According to the trauma surveillance registry, 2 279 infants < 1 year old presented at the RCWMCH's trauma casualty department between January 2013 and December 2016. Table 2 gives the background characteristics of this patient group. More than half were male (55%; n=l 250) and the median age was 8 months (IQR 5 - 10).



Most injuries were classified as moderate (51%; n=1170) or minor (47%; n=1084). Burn injuries in particular were frequently classified as moderate (83%; n=614). One infant had died at the trauma casualty department and therefore scored 'mortal' on the AIS. This was a 9-month-old female with a gunshot wound in her head.

Causes of injury

Table 3 provides details of the occurrences of the various causes of injury for the total group and the different age groups. Falls were the most frequent cause of injury, comprising 42% (n=957) of all injuries. This holds true for the three youngest age categories as well. The proportions of falls in the three youngest age groups were comparable, but in the oldest age group this proportion was lower than that in the three youngest age groups. In the oldest age group, burns were the most common injury (44%). Of all injuries, 70% had occurred in the two oldest age groups (n=1604). A significant association between the age group and the cause of injury (p<0.001) was found, in that assault was more frequent in younger infants. Older infants were more likely to be injured from burns and foreign bodies or caustic ingestion. In the two youngest age groups, the cause of injury was more likely to be unknown than in the two oldest age groups.


Falls from bed accounted for almost half of the fall injuries (49%; n=471). Other common types of fall were falls from attendants' arms (16%; n=154), falls from toy devices or playground equipment (8%; n=76), falls from stairs (6%; n=56) and falls from furniture (4%; n=38). The remaining 17% were defined as 'other falls' (n=162), consisting of falls while trying to walk or stand, falls out of car seats and unknown mechanisms of falls. Fig. 1 shows the distribution of age groups among the different types of falls. There was a significant association between the type of falls and the age groups (p<0.001), in that infants <6 months were more often dropped out of the attendant's arms, and older infants endured a greater number of other fall types. Of all falls, 22% led to a fracture (n=210), and 86% of the falls occurred inside the infant's own home (n=823).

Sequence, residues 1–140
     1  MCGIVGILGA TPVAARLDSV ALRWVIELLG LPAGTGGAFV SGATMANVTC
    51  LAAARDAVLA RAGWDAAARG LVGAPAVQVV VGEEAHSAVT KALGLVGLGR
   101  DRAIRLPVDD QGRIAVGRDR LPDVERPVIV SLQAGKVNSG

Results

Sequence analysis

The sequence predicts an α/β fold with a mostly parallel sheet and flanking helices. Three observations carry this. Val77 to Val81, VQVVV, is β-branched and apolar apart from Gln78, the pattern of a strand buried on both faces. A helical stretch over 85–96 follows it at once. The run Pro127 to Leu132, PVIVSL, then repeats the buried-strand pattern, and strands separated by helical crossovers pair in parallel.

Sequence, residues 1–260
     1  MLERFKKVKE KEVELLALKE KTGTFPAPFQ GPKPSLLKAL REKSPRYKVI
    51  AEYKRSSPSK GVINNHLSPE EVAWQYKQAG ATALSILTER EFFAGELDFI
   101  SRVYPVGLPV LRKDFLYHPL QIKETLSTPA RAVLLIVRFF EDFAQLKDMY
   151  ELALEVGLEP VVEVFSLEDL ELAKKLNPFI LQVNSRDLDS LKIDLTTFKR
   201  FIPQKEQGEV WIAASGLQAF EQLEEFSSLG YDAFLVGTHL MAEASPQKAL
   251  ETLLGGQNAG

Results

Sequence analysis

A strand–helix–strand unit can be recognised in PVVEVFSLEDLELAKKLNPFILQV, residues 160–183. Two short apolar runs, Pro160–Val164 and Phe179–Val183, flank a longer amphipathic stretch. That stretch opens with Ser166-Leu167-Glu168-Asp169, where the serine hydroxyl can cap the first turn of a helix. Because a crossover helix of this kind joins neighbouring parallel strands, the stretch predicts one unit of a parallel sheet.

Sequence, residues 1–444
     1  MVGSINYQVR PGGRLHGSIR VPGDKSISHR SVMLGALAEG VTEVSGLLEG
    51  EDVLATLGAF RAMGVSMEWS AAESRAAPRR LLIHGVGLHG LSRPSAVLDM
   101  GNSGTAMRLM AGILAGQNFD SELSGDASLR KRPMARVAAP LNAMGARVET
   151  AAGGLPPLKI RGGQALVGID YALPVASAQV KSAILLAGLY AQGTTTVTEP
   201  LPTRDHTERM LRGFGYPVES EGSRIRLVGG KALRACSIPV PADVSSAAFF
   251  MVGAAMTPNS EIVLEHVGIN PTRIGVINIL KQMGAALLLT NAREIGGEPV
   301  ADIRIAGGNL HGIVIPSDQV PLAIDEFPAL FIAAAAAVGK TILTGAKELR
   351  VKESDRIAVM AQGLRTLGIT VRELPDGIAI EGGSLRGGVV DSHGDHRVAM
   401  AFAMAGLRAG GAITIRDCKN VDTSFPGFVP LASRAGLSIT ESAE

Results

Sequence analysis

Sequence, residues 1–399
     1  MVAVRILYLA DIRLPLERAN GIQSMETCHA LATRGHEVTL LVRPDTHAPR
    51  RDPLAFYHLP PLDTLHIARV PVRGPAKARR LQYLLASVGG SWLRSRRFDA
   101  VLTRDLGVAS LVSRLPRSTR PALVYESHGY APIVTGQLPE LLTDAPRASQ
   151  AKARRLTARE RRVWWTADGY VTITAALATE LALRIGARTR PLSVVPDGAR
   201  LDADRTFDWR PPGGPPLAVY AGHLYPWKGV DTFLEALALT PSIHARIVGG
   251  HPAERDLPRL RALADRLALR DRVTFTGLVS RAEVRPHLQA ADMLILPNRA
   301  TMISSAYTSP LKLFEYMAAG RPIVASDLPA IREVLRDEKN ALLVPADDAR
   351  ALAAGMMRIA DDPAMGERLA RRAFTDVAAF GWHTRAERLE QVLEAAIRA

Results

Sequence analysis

Burn injuries were the second-most common cause of injury in the total group (32%; n=736), and were more often seen in male than in female infants (p=0.007). Burn injuries occurred more frequently in the two older age groups (p<0.001): the proportion of burn injuries increased from 10% in the youngest age group to 44% in the oldest age group. Hot water burns contributed to over 80% of all burns (84%; n=615). The distribution of age groups among the different types of burns is seen in Fig. 2. Burns were in most cases (95%) sustained at home.